For the last couple weeks the biggest question mark in Hollywood has been related to who Lionsgate plans to hire to direct The Hunger Games sequel Catching Fire. Originally Gary Ross was thought to be set for the film, but it turned out that he had other ideas. After some extended last-minute dealmaking attempts, some of which included minor manipulations of the news that he was walking away from the film, Ross was revealed to be out of the picture for good.
So who steps in? A shortlist came out that includes some surprising names: David Cronenberg, Alfonso Cuaron, and Alejandro Gonzalez Inarritu. Now we can add two more names to the ‘possible’ column: Moneyball director Bennett Miller, and I Am Legend and Constantine director Francis Lawrence. Read More »
Before The Hunger Games was released, I spoke with Gary Ross on numerous occasions and each time he seemed extremely confident he’d be back to direct the sequel, Catching Fire. He’d hand selected the screenwriter, had thoughts about casting and Lionsgate even set a release date. Then his film blew up into an gargantuan success and rumors began swirling Ross wasn’t going to come back. The Playlist then confirmed this. Days later, Deadline wrote otherwise and we all just thought it was public posturing for a bigger check. According to Gary Ross, that was not the case.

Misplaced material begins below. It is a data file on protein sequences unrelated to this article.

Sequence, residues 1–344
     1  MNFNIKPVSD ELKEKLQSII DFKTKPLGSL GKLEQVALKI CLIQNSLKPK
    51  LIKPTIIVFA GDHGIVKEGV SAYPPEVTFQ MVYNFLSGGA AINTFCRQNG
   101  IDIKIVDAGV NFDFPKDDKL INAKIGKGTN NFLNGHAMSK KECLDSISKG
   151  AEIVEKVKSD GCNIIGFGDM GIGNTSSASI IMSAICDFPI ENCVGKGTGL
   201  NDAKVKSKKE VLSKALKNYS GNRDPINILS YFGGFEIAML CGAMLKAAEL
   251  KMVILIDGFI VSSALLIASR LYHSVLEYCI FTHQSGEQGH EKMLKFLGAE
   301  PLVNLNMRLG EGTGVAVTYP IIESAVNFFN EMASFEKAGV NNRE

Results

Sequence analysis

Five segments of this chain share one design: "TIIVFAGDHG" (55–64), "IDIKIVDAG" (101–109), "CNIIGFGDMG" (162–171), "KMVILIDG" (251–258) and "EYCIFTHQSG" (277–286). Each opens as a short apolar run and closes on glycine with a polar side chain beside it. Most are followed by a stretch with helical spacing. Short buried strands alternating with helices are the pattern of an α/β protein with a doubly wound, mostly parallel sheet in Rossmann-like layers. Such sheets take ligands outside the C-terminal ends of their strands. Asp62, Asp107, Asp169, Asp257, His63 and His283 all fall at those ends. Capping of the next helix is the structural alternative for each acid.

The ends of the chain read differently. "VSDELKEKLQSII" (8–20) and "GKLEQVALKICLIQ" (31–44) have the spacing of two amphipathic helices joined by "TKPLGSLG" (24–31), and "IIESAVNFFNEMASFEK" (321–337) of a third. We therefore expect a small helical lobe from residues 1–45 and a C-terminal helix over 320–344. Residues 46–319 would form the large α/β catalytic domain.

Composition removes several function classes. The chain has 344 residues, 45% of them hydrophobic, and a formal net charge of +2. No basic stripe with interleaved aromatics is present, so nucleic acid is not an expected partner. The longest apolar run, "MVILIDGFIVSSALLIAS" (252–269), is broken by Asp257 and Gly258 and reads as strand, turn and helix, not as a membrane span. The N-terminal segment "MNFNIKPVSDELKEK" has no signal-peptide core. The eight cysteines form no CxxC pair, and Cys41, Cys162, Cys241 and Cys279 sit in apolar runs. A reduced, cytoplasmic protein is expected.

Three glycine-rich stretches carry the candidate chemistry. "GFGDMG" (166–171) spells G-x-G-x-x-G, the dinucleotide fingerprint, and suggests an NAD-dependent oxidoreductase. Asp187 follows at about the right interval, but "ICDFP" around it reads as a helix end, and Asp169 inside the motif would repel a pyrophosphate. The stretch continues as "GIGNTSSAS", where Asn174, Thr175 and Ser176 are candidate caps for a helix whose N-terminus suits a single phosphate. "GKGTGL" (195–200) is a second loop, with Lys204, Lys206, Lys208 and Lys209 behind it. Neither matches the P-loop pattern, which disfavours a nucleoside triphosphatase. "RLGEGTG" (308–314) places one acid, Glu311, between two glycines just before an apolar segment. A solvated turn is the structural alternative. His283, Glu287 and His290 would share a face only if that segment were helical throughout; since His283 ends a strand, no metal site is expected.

Ross has released a statement that explains why he will not be back to direct Catching Fire, finally closing the book on the argument and you can read it after the jump. Read More »
This week, Dave, Devindra, and Adam take on the MPAA and wonder about the fate of Gary Ross’s work in the Hunger Games film series. Also, can enthusiasm only take you so far? Or is it the key to unlocking your dreams? Special guest Joseph Kahn joins us to discuss. Kahn’s newest film, Detention, opens in limited release this Friday.